JP Morgan sets a date for the “effective” end of the pandemic: April may be the decisive month

Almost from the first week in which half the world was confined to their homes, back in the ‘distant’ month of March 2020, the planet has been asking itself the same question: when will the pandemic end? The arrival of covid-19 changed our lives completely, and for the worse, so the general desire is to overcome this global bad drink once and for all. At JP Morgan they launch an extremely optimistic prediction: we can begin to see the light in just a couple of months.

, the company’s global head of quantitative strategy, Marko Kolanovic, assures that the general decrease in cases worldwide and the progress in the global vaccination plan can certify an “effective” end of the pandemic between the end of March and the beginning of April. This is a rather rosy prediction that shortens many of the deadlines forecast by economists and experts in health and epidemiology. Also those considered by the European Commission, which .

The current great stumbling block to recovery is the potential influence of the British variant on a possible reduction in vaccine immunity and an increase in cases and deaths (there are forecasts that speak of one), but at JP Morgan they believe that “there is no is inconsistent with an overall decline and end of the pandemic in the second trimester due to vaccination, natural immunity, seasonality, and other factors.”

Specifically, Kolanovic specifies that “although the data set is still small, statistical analysis of the current vaccination data is consistent with a strong decline in the pandemic between 40 and 70 days.”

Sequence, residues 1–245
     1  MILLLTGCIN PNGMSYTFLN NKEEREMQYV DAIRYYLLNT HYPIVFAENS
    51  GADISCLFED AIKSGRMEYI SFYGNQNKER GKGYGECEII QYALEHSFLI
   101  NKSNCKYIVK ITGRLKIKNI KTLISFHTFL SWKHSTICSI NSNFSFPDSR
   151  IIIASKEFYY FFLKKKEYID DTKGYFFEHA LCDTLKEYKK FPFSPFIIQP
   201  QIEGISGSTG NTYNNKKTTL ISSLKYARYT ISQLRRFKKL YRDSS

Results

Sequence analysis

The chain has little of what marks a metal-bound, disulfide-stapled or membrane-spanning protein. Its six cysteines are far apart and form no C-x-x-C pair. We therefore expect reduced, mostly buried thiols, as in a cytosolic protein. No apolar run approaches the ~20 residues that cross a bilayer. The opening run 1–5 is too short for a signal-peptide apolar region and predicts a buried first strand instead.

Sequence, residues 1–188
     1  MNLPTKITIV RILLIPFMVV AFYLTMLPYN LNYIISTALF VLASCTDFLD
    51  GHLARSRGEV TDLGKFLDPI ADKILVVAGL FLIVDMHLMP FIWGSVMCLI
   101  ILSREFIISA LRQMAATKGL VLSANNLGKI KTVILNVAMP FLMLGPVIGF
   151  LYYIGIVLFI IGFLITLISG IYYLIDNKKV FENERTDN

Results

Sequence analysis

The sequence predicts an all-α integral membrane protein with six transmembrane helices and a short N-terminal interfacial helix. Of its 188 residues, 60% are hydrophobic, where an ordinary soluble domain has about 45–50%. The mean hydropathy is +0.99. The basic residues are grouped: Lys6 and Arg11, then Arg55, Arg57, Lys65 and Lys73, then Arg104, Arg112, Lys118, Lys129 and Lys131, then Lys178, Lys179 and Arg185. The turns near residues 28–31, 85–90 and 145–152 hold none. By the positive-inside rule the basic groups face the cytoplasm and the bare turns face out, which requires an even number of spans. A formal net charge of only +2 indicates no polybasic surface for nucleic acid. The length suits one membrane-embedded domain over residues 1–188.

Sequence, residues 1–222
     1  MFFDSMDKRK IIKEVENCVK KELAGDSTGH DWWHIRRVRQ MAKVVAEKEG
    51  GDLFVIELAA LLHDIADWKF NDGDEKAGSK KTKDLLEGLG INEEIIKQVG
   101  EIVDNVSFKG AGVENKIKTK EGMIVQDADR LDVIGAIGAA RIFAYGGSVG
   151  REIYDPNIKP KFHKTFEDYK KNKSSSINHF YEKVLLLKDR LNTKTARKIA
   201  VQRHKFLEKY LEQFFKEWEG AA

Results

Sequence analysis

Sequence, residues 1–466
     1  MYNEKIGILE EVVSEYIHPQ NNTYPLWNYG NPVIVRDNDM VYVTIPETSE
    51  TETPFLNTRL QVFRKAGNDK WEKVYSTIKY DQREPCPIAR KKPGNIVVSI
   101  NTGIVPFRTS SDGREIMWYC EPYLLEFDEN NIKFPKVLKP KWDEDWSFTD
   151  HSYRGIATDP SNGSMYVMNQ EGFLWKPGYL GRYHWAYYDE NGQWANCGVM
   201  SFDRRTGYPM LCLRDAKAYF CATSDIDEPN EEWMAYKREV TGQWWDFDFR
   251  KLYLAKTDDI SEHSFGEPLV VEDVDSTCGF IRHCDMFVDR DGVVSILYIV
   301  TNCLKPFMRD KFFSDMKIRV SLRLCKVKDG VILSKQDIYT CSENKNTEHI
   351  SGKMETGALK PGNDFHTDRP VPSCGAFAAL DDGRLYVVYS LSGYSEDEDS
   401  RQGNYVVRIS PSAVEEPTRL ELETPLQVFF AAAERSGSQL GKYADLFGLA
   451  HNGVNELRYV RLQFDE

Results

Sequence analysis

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The data to which Kolanovic alludes with the following: according to JP Morgan studies, the growing preponderance of the British strain has not prevented cases from falling in those regions where the variant is prevailing and, in parallel, with each increase in 10% in vaccinations is preceded by a decrease of 230 cases per million people.

In addition, Kolanovic emphasizes that the health groups (65 years and older) are being vaccinated first, which have accounted for 85% of deaths and half of hospitalizations, so the effects of vaccination will be more immediate. .

Of course, from JP Morgan they warn that these prediction models, which also take into account that social distancing measures are maintained, contemplate that there are no setbacks in the supply of vaccines and do not take into account the distribution of doses at the level , the differences between countries in the rate of vaccination, as well as the inequalities between regions.

Problems in the supply of vaccines (especially and ) have been somewhat recurrent. In the same way, the differences in the rate of vaccination between countries (some models claim that due to the shortage of vaccines in poor and underdeveloped countries) have also been latent, so these caveats in the JP Morgan forecast must also be as taken into account as the prediction itself.

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